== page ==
Welcome to the European Centre for Social Welfare Policy and Research

The mission of the European Centre's work is to improve social inclusion in Europe by building bridges between policy, research and practice to foster evidence-based innovation in social welfare, between EU Member States and Accession countries as well as countries of the Eastern Partnership to facilitate the integration of welfare systems, but also between various sectors of social welfare to promote people-centred, inclusive and integrated provision of services and facilities.


Contribution to ‘The Routledge International Handbook to Welfare State Systems’

The Routledge International Handbook to Welfare Systems

This Handbook, edited by Christian Aspalter, contains an impressive overview of welfare state systems in 25 countries around the world. It contributes to the ideal-typical welfare regime theory, identifying now in total 10 worlds of welfare capitalism. Authors have focused on particular sectors of social policies in selected countries. Kai Leichsenring contributed a chapter on the Austrian welfare state with special reference to the long-term care system. More information and a discount offer can be found here. Contact: Kai Leichsenring

First Building Bridges Summer School on Social Welfare took place at the European Centre in Vienna

EESPN Summer School

Twelve participants from Albania, Armenia, Azerbaijan, Bosnia and Herzegovina, Georgia, Macedonia, Moldova, Montenegro, Serbia and Ukraine successfully completed the Summer School on Social Welfare (10 to 14 July 2017). The main outcomes of the Summer School include the learning from best practices, the exchange of experiences, and the development of collaborative work by strengthening the Eastern European Social Policy Network (EESPN). The Summer School’s key event, the EESPN Public Forum, was hosted by the Austrian Federal Ministry of Labour, Social Affairs and Consumer Protection. Together with approximately 45 people, the key note speakers Dr. Cartwright and Ms Marić approached the question of ‘Divided Society – Cohesive Europe?’ Contact: Anette Scoppetta

First Meeting of the WHO Primary Health Care Advisory Group

WHO Health Care Advisory Group

In the wake of the 40th anniversary of the Declaration of Alma-Ata that first enunciated the concept of primary health care in 1978, the WHO Regional Office for Europe established a Primary Health Care Advisory Group to provide knowledge and experiences from varied perspectives of its members. Kai Leichsenring was invited to the first meeting of the Advisory Group in Almaty on 20-21 June to contribute to the development of integrated health services delivery from the perspective of long-term care. His intervention built on first results of the ongoing research towards a new framework for integrating health services delivery and long-term care commissioned by WHO Europe . Contact: Kai Leichsenring

International Comparison of Care Leaves for Informal Carers: Legislation and Policies - Executive Summary published by BAG/Switzerland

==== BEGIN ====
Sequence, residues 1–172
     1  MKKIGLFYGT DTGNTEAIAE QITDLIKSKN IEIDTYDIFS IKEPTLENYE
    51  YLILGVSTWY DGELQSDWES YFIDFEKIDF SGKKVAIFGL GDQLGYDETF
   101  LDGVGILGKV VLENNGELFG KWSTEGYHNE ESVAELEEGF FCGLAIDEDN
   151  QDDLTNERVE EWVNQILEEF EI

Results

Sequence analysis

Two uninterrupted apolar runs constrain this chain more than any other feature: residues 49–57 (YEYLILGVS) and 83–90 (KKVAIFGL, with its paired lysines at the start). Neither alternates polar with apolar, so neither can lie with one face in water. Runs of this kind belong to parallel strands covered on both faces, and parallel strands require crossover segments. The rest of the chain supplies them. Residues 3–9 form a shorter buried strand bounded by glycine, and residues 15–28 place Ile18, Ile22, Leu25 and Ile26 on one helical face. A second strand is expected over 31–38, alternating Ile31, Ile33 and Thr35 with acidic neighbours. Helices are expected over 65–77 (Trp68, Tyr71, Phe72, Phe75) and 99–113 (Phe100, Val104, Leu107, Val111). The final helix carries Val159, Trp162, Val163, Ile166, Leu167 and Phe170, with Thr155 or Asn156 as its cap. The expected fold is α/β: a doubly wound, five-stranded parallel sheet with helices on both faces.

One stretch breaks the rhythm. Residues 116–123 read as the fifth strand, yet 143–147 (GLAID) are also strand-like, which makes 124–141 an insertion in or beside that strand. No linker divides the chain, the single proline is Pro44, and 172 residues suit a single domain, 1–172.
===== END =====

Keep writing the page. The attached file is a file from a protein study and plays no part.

International Comparison of Care Leaves for Informal Carers

In response to a greater need to conciliate care and work for those with sick, disabled or frail family members, some countries in Europe have put regulations in place that allow employees to provide and/or organize care for family members while remaining attached to their workplace. What kind of support do care leaves from the workplace offer for informal caregivers? How can generosity of different approaches be measured? In a project in 2015/16 commissioned by the Bundesamt für Gesundheit (BAG)/Switzerland, the European Centre shed a light on these questions based on an in-depth analysis and international comparison of 22 different care leave regulations in six different countries (AT, DE, FR, IT, NL and CA). The regulations were evaluated in view of their success, particularly in terms of take-up rate, and some lessons were drawn for the design of care leave policies (in European countries). The Executive Summary (in German, English and French) was now published by the BAG. Contact: Michael Fuchs

DET_CAREMIX: determinants in use of care in Slovenia and Austria

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The project contributes to a better understanding of the factors that influence take-up of informal care and care services among older users of long-term care (LTC) and their families and how these factors may differ across socio-economic groups. By comparing two countries with similar societal preferences regarding care (Austria and Slovenia) and dissimilar public policies in LTC, the project aims to establish causality between observed choices and public policies. The project has the potential to inform the reform process of countries in Europe, namely the ongoing process in Slovenia, and to contribute to a better targeting of public policies. For information contact Ricardo Rodrigues

New project: Integrated Case Management for Employment and Social Welfare Users in the Western Balkan Economies

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The project “Integrated Case Management for Employment and Social Welfare Users in the Western Balkan Economies” (by order of UNDP) promotes inclusive labour market solutions in the Western Balkans by assessing methods currently used by Public Employment Services (PES) and Centres for Social Welfare (CSW) in the region and by assisting in the development of socially innovative practices supporting labour market inclusion of vulnerable groups. Contact: Anette Scoppetta